• Patients from both groups received standard management protocol as per the following:
  • PRBC transfusion to achieve a target Hb level of 7g/dL to 8g/dL
  • Endoscopy within 12 hours of hospital presentation with endoscopic variceal ligation for haemostasis
  • Prophylactic parenteral antibiotics (cefotaxime 2g bd for 7 days)
  • Carvedilol 3.125mg bd post endoscopy.


  • Difference in the amount of FFP (volume in mL) and/or platelets transfused before endoscopy between the 2 groups to correct coagulopathy


  • Rebleeding at day 5 and 42
  • Mortality at 6 weeks



  • All analyses were performed according to the intention to treat principle.
  • Student t test or Mann- Whitney U test was used for continuous variables; the χ² or the Fisher test for discrete variables.
  • To estimate the cumulative probability of survival, Kaplan-Meier analysis with the log-rank test was used.
  • A 2-sided P value of <0.05 was taken as significant.


  • 60 patients were randomised into the study with 30 patients in each group.

Blood products transfusion requirements: Significantly less in TEG group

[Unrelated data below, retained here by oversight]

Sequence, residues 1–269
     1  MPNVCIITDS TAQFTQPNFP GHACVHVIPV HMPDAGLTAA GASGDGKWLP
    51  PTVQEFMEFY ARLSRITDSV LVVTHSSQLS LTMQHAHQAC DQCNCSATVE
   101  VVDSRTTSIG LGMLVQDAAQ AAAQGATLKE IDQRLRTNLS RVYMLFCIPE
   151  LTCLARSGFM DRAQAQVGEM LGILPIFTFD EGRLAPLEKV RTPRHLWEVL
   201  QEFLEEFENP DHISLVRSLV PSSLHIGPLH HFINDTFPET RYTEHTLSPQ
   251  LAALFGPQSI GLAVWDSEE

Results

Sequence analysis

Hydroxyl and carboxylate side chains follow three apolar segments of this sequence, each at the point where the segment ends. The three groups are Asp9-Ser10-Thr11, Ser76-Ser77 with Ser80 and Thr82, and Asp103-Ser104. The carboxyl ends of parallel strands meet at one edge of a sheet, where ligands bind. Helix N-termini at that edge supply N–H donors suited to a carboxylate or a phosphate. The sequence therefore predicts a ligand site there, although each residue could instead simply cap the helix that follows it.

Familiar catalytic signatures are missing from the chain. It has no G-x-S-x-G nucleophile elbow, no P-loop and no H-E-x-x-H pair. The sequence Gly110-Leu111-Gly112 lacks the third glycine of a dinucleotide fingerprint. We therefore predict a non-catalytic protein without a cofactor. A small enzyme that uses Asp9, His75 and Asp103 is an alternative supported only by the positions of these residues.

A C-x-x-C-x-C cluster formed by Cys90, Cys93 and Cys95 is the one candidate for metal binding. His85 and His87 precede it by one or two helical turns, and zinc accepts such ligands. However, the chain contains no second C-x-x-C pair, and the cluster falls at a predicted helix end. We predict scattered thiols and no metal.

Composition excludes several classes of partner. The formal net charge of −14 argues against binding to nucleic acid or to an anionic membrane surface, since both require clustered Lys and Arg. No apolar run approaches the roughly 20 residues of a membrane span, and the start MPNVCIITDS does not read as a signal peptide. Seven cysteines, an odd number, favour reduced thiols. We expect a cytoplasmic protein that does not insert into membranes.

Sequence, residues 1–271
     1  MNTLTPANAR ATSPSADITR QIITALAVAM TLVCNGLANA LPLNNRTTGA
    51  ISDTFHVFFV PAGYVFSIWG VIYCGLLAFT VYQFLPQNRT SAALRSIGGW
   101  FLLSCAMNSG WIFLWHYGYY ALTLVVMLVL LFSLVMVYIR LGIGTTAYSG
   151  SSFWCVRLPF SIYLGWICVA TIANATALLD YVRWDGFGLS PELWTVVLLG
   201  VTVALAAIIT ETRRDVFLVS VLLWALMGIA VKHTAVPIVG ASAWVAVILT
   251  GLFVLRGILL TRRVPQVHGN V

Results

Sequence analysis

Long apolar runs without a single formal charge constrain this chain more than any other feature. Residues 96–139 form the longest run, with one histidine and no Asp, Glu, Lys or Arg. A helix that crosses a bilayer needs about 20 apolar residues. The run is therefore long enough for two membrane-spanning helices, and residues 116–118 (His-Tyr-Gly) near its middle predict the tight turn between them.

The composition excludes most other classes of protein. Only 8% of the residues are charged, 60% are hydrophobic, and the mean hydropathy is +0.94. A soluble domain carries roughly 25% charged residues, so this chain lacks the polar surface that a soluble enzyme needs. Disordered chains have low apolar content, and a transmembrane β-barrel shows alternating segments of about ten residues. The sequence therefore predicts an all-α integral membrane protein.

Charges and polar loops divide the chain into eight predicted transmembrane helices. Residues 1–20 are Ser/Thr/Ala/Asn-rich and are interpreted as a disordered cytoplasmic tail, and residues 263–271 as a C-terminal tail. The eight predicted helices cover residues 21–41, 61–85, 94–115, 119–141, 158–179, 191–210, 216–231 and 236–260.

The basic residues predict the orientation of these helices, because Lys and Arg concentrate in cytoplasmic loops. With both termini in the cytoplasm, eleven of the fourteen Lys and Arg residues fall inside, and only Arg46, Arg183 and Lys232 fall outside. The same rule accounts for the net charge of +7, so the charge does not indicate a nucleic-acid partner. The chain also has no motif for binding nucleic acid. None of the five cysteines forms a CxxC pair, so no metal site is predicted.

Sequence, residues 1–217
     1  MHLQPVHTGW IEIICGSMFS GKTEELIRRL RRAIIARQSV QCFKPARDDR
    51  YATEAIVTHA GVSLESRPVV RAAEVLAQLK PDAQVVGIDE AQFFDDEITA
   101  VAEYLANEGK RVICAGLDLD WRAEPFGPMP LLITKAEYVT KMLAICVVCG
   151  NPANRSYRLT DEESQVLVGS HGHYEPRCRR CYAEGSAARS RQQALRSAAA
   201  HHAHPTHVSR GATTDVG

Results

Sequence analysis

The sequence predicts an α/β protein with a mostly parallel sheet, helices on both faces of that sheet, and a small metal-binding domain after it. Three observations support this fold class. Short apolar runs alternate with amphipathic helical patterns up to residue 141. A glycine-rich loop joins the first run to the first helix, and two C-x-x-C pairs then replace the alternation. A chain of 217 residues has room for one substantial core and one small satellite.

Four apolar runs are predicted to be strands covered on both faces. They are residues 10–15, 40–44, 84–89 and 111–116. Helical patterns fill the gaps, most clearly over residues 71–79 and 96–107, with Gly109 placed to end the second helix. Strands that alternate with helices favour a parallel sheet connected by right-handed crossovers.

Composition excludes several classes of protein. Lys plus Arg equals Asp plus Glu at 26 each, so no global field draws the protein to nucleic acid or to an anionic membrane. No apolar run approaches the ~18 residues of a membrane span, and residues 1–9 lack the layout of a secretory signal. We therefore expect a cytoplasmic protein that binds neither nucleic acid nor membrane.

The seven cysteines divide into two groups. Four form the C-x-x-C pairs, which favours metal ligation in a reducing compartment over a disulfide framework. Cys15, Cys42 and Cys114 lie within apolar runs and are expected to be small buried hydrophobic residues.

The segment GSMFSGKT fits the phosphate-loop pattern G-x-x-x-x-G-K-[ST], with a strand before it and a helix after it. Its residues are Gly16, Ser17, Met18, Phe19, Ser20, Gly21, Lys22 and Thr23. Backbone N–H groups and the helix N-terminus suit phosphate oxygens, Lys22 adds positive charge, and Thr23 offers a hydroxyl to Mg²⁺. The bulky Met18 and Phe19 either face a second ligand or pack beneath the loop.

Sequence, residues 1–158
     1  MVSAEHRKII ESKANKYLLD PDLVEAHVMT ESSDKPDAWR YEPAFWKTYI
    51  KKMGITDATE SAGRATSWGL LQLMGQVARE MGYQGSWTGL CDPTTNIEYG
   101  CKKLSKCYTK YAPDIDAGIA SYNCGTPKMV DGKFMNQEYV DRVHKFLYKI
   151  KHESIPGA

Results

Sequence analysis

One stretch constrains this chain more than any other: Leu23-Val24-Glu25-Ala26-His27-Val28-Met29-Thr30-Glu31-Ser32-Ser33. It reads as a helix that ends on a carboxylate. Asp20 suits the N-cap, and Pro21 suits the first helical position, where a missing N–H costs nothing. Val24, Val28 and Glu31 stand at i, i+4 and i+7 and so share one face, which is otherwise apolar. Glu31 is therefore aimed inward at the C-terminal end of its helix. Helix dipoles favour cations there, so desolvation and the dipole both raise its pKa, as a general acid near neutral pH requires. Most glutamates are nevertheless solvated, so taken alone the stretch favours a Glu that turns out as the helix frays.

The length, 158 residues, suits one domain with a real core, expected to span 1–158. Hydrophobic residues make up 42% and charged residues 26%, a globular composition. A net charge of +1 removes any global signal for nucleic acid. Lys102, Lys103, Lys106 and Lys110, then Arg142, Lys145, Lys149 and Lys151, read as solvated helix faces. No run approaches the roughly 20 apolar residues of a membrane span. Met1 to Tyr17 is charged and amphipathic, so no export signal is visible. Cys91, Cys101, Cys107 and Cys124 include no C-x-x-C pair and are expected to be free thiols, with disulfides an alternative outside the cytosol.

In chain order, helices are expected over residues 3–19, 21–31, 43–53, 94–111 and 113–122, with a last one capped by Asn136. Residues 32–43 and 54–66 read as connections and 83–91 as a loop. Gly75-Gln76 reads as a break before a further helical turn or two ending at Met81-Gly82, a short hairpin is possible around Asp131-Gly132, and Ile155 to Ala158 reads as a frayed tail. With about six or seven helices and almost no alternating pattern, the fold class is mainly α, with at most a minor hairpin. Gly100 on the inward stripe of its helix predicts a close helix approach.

Blood Products transfusion TEG GROUP (N=30) Conventional transfusion group (N=30) P value
FFP or platelet 4 (13.3%) 30(100%) <0.001
FFP volume(mL) 1345 4605 0.010
Platelets 3 (10.0%) 21 (70.0%) <0.001

Mortality at 6 weeks: No significant difference between the 2 groups

  • TEG group vs conventional group- 13.3% vs 26.7%, log-rank test, p= 0.176 (hazard ratio, 0.446; 95% CI, 0.134-1.484)

Rebleeding at day 5: No significant difference between the 2 groups

  • TEG group vs conventional group- 3.3% vs 13.3%, P= 0.167

Rebleeding at day 42: Significantly less in TEG group

  • TEG group vs conventional group- 10.0% vs 36.7%, log-rank test, P=0.012 (hazard ratio, 0.224; 95% CI 0.062-0.805)



  • TEG-guided strategy is superior to conventional in determining the amount of blood product transfusion in cirrhotic patients with coagulopathy presenting with acute variceal bleeding.
  • There was no difference in the control of variceal bleeding at admission, day 5 rebleeding, mortality and adverse events between the TEG and conventional transfusion groups.
  • There was a higher risk of rebleeding at day 42 among patients who received blood products for correction of coagulopathy in the conventional transfusion group.


  • Patients with acute on chronic liver disease were excluded. Hence, results cannot be extrapolated to cover these patients.
  • Patients with sepsis were excluded.
  • Study was not blinded which may have resulted in bias. However, the study outcomes were objectively defined, and randomisation and concealed allocation were carried out to minimise bias.
  • Fibrinogen level was not measured and none of the patients were transfused with cryoprecipitate.